Don't run lots of tests - it may make it worse. It may of course keep running for another decade but I'd be a bit paranoid personally and (for the sake of a cheap new disk) it isn't worth the stress.
      My ComputerSystem Spec


  7. Posts : 332
    Windows 10 64-bit home
    Thread Starter
       27 Feb 2018 #7

    Is there any chance the "DR1" disk the event viewer was referring to was the USB thumb drive and not my main HDD? As described above, the copy process in fastcopy failed at 11% - from 0%-50% it copies the file, and from 51%-100% it verifies the copied file. So I'm guessing when it said there was a crc read error, it was referring to the file on the HDD?
      My ComputerSystem Spec

  8.    27 Feb 2018 #8

    rivre said: View Post
    Is there any chance the "DR1" disk the event viewer was referring to was the USB thumb drive and not my main HDD?
    Perhaps - that is a good thought. Easy (but a bit long winded) to check. Download WinObj

    Go to GLOBAL?? and sort by SymLink

    Click image for larger version. 

Name:	Capture.PNG 
Views:	2 
Size:	36.3 KB 
ID:	178840

    You can then find the PhysicalDrive for the DR number and match it against the deviceid in powershell

    Get-PhysicalDisk | select deviceid,friendlyname,serialnumber,size | sort -Property deviceid
    (or disk number in diskpart):

    Click image for larger version. 

Name:	Capture2.PNG 
Views:	26 
Size:	24.9 KB 
ID:	178839

    It isn't necessarily a 1:1 match - for me DR36 is physical drive 3 (a USB)
      My ComputerSystem Spec


  9. Posts : 332
    Windows 10 64-bit home
    Thread Starter
       27 Feb 2018 #9

    lx07 said: View Post
    Perhaps - that is a good thought. Easy (but a bit long winded) to check. Download WinObj

    Go to GLOBAL?? and sort by SymLink

    Click image for larger version. 

Name:	Capture.PNG 
Views:	2 
Size:	36.3 KB 
ID:	178840

    You can then find the PhysicalDrive for the DR number and match it against the deviceid in powershell

    Get-PhysicalDisk | select deviceid,friendlyname,serialnumber,size | sort -Property deviceid
    (or disk number in diskpart):

    Click image for larger version. 

Name:	Capture2.PNG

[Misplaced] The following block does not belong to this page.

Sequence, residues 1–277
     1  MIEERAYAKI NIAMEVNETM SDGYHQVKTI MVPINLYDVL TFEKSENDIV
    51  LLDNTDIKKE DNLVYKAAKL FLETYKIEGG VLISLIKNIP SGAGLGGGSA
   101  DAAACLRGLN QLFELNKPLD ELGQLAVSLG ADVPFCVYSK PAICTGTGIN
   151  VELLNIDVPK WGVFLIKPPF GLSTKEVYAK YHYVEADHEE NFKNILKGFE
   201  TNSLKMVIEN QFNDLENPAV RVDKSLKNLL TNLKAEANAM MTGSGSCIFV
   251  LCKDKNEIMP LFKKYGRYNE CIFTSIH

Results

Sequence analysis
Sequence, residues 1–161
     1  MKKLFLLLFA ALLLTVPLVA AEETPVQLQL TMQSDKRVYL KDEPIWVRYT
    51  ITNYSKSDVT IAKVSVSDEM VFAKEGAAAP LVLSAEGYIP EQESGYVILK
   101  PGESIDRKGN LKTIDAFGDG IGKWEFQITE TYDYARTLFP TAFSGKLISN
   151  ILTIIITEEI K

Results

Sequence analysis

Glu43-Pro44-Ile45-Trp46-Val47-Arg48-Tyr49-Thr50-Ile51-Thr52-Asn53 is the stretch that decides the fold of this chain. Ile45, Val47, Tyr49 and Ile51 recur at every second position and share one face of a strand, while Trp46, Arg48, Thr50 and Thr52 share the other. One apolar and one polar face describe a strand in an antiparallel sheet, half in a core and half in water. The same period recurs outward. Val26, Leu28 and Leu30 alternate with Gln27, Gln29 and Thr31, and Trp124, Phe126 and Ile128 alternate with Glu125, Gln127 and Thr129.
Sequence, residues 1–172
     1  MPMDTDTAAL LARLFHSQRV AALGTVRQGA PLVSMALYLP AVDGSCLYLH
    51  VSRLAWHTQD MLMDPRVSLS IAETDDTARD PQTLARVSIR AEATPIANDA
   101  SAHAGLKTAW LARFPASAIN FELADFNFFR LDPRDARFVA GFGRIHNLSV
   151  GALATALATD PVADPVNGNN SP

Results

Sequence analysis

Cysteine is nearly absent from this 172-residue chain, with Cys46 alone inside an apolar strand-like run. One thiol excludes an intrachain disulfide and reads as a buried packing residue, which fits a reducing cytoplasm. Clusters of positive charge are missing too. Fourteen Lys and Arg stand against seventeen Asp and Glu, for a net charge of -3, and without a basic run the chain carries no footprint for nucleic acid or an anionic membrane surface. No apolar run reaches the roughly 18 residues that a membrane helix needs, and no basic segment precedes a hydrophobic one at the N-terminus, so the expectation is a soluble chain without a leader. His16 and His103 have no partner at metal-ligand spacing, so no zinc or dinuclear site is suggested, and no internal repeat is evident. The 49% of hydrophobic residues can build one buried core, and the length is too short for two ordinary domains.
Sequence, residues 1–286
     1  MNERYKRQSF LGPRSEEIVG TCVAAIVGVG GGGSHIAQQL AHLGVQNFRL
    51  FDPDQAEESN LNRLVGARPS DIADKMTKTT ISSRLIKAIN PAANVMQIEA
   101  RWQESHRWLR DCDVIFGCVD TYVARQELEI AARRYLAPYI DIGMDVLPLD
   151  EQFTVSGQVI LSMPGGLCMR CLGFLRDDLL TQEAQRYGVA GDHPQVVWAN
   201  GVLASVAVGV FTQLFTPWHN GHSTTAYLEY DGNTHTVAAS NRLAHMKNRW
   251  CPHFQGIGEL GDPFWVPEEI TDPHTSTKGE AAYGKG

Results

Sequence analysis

Views:	26 
Size:	24.9 KB 
ID:	178839

    It isn't necessarily a 1:1 match - for me DR36 is physical drive 3 (a USB)
    I can't run diskpart in Powershell - I'm not familiar with Powershell, but diskpart just opens up a command window when I type it in Powershell.

    But I might have it matched up using Get-PhysicalDisk:

    In Powershell, I have 3 drives listed under deviceid:

    deviceid
    ------------
    0
    1
    2

    And in WinObj I have 3 physical drives listed - DR0, DR1 and DR2.

    My main HDD is listed for deviceid 1 in Powershell, and my USB thumb drive is deviceid 2. So I'm guessing DR1 in WinOBj = deviceid 1 in Powershell? If so, then that's my main HDD. I was hoping the bad block was just my thumb drive.
    Last edited by rivre; 27 Feb 2018 at 20:25.
      My ComputerSystem Spec


  10. Posts : 332
    Windows 10 64-bit home
    Thread Starter
       27 Feb 2018 #10

    Can somebody verify what the WD Data Lifeguard Diagnostics tool was trying to tell me? Under S.M.A.R.T. Drive Information, it lists the following:

    - Attribute Name
    - ID
    - Value
    - Threshold
    - Worst
    - Warranty

    The "Reallocated Sector Count" (ID 5) has a value of "1" under "Warranty" . What does this mean? I thought it meant 1 reallocated sector but all the other S.M.A.R.T. readings I get from crystaldiskinfo, hard disk sentinel, HDDscan and others say no problems with the drive and no reallocated sectors. HDDscan says:

    05: Reallocation Sector Count: 0000000000-0000
    197: Current Pending Errors Count: 0000000000-0000
    198: Uncorrectable Errors Count: 0000000000-0000

    Same for the other tools. I think that "reallocated sector" count of "1" under "Warranty" in the WD tool means something other than error count. I don't know what that code means, but here's their tooltip for the warranty code:

    Warranty value 1: this attribute is under warranty should it fall below threshold value 0: this attribute is not under warranty

    The reallocated sector count has a value of 1. "Spin Up Time" and "Raw Read Error Rate" also have a value of 1. All other values for "warranty" is 0. Again, their terminology is confusing, but according to all my other S.M.A.R.T. programs, I have no reallocated sectors. I'm not sure what the "bad block" error was, but I don't want to have to go through the immense hassle of re-installing Windows and all my software (and re-configuring it all) if I don't have to. I'll run a full chkdsk /r tomorrow. For now, I know the following:

    - I got a persistent crc error when trying to copy a large file today with fastcopy from my HDD to a USB thumb drive
    - Event viewer logged it as "The device, \Device\Harddisk1\DR1, has a bad block."
    - WD Data LifeGuard gives a cryptic value of "1" under "Warranty" for reallocated sector count. The short test gives a "pass"
    - All other S.M.A.R.T. software reports 0 for Reallocation Sector Count, Current Pending Errors Count, and Uncorrectable Errors Count. All tools report no issues with drive.

    I'm still wondering if it was just a failed write to the USB thumb drive which triggered the "bad block" read error? I tried it 3 times and it failed all 3 times, but maybe it was the thumb drive which was failing to write properly?
    Last edited by rivre; 27 Feb 2018 at 22:05.
      My ComputerSystem Spec